Being a Trustee for a Friend

Susan* called to see us with bank loan and mortgage papers. She had agreed to be a trustee for Bob*, her brother’s trust. She presented with over thirty pages of small print to read. She wanted to know what risks there might be for her in signing the bank papers.

Many people are asked to be trustees for family and friends so Susan’s important question is topical.

The bank forms limited her personal liability but that was not the end of the story.

Susan needed to know that her brother, Bob, a builder was not also lending money to the trust either personally or through his company. If the trust did have other debts she may be liable to her brother’s creditors if the trust assets became insufficient.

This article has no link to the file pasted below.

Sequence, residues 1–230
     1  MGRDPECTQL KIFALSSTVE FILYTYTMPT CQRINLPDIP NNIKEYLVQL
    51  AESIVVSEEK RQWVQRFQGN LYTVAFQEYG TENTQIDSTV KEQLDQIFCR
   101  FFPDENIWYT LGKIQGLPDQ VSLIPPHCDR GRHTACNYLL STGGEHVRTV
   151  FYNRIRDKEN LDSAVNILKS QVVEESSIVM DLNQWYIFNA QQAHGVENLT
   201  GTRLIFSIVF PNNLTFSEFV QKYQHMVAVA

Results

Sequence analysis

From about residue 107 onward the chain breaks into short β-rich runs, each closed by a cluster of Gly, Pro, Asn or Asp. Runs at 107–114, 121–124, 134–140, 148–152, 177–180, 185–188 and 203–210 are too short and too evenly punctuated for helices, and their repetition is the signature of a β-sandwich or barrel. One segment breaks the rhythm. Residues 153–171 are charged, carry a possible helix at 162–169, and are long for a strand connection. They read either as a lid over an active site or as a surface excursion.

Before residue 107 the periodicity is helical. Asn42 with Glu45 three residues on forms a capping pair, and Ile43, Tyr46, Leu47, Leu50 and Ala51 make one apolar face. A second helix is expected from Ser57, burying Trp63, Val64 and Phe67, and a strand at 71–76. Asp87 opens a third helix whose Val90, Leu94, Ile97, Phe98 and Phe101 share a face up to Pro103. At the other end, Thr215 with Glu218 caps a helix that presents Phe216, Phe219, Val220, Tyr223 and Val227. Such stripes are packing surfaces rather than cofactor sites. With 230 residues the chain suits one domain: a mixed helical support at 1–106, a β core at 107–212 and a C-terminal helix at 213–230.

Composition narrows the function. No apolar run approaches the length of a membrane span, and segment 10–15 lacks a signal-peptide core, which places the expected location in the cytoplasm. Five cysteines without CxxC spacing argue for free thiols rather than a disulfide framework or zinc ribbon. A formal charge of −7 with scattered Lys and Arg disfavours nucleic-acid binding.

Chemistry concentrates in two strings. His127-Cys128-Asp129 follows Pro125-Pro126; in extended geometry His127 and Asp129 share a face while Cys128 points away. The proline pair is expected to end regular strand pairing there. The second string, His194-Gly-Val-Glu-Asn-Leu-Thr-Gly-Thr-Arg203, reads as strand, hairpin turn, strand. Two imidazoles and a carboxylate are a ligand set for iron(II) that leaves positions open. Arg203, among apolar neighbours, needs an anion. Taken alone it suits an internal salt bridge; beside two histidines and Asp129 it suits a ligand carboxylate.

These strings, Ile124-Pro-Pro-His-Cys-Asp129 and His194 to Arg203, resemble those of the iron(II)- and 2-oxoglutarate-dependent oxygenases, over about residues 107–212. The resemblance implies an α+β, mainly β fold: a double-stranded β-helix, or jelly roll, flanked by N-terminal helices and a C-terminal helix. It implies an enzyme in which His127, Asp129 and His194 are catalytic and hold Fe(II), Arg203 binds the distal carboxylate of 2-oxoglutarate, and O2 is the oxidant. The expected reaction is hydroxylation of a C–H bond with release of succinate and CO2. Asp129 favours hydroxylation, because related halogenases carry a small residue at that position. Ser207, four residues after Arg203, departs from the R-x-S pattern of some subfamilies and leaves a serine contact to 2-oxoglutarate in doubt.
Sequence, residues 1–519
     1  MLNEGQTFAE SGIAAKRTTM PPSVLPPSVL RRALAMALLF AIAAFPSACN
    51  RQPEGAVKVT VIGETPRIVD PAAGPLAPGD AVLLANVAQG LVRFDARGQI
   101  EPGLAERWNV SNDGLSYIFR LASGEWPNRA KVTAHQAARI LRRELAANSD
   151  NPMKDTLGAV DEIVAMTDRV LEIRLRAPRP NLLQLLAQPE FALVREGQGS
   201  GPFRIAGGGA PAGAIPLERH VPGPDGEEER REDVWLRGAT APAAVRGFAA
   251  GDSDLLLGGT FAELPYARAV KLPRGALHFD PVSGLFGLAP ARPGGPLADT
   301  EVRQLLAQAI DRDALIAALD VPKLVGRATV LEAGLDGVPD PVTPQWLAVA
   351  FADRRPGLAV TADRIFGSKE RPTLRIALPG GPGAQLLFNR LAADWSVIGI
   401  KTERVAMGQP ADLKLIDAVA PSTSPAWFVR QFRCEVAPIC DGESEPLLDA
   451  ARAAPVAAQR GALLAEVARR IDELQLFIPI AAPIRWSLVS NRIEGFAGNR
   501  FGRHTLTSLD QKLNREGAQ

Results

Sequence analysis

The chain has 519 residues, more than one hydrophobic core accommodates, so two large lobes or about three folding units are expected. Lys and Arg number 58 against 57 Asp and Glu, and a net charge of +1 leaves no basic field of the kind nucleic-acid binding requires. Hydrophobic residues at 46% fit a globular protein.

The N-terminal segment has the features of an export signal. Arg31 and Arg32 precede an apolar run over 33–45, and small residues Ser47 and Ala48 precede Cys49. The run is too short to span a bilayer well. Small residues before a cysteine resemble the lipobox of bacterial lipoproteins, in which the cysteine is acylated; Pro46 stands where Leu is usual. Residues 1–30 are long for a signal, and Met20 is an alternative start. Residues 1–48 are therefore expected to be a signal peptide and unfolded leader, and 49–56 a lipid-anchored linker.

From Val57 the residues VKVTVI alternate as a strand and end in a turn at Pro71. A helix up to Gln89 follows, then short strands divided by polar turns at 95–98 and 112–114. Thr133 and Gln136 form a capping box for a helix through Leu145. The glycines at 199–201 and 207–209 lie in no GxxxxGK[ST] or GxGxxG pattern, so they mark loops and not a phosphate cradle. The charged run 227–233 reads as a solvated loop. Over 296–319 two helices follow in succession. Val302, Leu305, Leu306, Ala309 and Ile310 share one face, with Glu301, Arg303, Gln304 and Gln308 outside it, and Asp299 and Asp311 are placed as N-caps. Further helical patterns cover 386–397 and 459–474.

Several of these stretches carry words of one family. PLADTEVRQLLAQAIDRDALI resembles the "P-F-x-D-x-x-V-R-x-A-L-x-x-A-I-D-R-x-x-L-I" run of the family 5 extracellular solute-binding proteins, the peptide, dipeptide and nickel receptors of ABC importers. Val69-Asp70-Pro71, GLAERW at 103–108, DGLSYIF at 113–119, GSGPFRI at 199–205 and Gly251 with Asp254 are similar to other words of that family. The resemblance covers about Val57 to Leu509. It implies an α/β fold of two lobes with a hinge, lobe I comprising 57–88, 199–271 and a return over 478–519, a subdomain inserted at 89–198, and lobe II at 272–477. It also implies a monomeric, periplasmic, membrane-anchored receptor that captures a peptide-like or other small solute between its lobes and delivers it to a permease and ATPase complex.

Although Bob was building a home for himself and his new partner, Susan also had to be sure that the equity wouldn’t be used to finance the building business. Any stress at that end might require the house to be sold, and being a builder, leave Susan with unfunded tax to pay.

In this case Bob’s lawyer had things well in hand. There was a distinct limit on the loan. The other trust funding was by cash gift, there were no other debts, and Bob’s building company was personally owned by him, and a proper resolution was prepared to record the transactions.

It wasn’t my concern, but Bob and his new partner also had properly documented their expectations of each other.

If you are a trustee, you do have to ask nosey questions, you do need to see the trust accounts, you do need to know what your duties are and you can’t delegate decisions to other people.

* Names have been changed.

Trusts And Asset Protection

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